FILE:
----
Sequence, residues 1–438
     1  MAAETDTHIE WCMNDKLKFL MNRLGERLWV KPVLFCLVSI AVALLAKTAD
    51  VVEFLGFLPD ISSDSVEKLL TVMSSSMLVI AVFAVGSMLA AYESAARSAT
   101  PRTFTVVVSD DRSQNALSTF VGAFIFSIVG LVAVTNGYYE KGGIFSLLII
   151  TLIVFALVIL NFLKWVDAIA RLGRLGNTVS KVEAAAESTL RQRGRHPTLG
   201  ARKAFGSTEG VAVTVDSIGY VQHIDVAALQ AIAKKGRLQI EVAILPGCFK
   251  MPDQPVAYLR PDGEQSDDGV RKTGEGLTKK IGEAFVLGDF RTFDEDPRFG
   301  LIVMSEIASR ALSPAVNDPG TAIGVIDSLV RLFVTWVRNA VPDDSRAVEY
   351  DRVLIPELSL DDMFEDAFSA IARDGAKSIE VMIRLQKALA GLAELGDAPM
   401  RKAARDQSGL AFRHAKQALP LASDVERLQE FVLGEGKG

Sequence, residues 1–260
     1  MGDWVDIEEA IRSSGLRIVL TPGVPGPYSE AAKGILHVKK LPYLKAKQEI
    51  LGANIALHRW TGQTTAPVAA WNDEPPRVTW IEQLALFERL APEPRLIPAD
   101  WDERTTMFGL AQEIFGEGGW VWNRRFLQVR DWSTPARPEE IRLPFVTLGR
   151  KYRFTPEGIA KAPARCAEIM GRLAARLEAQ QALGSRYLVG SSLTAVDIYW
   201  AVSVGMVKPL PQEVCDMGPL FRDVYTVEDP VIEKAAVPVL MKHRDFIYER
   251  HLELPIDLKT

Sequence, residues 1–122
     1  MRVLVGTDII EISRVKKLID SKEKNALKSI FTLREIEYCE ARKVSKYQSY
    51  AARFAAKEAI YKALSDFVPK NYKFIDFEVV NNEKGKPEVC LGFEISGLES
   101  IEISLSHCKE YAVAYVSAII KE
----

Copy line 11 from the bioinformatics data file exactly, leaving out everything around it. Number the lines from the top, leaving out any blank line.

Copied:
Sequence, residues 1–260